It doesn't have to be.
In the 1990s, the venture capitalist John Doerr famously predicted that the Internet would lead to the “the largest legal creation of wealth in the history of the planet.” Indeed, the Internet has created a tremendous amount of personal wealth. Just look at the rash of Internet billionaires and millionaires, the investors both small and large that have made fortunes investing in Internet stocks, and the list of multibillion-dollar Internet companies—Google, Facebook, LinkedIn, and Amazon. Add to the list the recent Twitter stock offering, which created a reported 1,600 millionaires.
Then there’s the superstar effect. The Internet multiplies the earning power of the very best high-frequency traders, currency speculators, and entertainers, who reap billions while the merely good are left to slog it out.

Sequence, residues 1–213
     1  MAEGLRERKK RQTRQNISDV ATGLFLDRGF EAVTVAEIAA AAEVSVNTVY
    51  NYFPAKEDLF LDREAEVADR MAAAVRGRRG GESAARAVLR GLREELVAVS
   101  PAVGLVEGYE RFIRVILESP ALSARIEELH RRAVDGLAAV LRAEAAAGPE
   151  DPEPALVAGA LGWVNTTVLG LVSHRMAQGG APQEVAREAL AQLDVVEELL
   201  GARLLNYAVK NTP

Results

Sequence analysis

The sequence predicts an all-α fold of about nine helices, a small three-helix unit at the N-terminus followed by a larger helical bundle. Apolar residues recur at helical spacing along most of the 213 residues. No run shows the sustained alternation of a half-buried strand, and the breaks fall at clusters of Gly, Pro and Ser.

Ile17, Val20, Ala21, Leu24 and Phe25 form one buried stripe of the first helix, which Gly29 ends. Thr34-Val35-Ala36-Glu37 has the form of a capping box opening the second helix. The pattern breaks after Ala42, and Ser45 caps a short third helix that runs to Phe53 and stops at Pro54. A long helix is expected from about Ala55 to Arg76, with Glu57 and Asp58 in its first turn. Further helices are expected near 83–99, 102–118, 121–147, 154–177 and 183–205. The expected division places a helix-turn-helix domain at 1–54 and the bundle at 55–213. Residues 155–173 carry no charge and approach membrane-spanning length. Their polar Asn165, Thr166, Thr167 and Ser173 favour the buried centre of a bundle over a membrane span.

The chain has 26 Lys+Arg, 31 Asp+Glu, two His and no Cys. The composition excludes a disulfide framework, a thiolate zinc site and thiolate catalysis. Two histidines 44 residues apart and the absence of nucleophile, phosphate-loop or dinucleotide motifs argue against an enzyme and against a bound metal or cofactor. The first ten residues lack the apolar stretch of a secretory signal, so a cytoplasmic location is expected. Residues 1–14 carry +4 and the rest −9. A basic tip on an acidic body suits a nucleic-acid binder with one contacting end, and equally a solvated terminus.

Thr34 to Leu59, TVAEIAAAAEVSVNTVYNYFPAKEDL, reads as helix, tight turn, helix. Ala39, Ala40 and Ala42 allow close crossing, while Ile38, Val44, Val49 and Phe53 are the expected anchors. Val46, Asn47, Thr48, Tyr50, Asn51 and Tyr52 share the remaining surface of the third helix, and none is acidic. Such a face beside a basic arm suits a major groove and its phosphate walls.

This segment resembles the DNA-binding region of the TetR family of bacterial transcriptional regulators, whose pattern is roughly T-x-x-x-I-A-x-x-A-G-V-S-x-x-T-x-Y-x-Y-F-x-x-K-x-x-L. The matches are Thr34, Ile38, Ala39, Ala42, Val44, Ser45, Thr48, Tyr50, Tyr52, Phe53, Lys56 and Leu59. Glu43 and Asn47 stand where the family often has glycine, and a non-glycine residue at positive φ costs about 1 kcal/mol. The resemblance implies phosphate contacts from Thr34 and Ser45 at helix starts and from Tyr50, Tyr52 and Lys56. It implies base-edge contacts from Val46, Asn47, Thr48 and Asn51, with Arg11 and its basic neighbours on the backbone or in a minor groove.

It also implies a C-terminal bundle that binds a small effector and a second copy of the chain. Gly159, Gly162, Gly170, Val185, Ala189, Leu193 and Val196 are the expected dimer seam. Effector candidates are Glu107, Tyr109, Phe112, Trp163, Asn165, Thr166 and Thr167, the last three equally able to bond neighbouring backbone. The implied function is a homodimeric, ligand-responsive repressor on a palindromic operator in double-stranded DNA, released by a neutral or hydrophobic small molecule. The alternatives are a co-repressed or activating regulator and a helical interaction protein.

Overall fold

But will the Internet also create the greatest economic inequality the global economy has ever known? And will poorly designed government policies aimed at ameliorating the problem of inequality end up empowering the Internet-driven redistribution process?
As the Internet goes about its work making the economy more efficient, it is reducing the need for travel agents, post office employees, and dozens of other jobs in corporate America. The increased interconnectivity created by the Internet forces many middle and lower class workers to compete for jobs with low-paid workers in developing countries. Even skilled technical workers are finding that their jobs can be outsourced to trained engineers and technicians in India and Eastern Europe.
That’s the old news.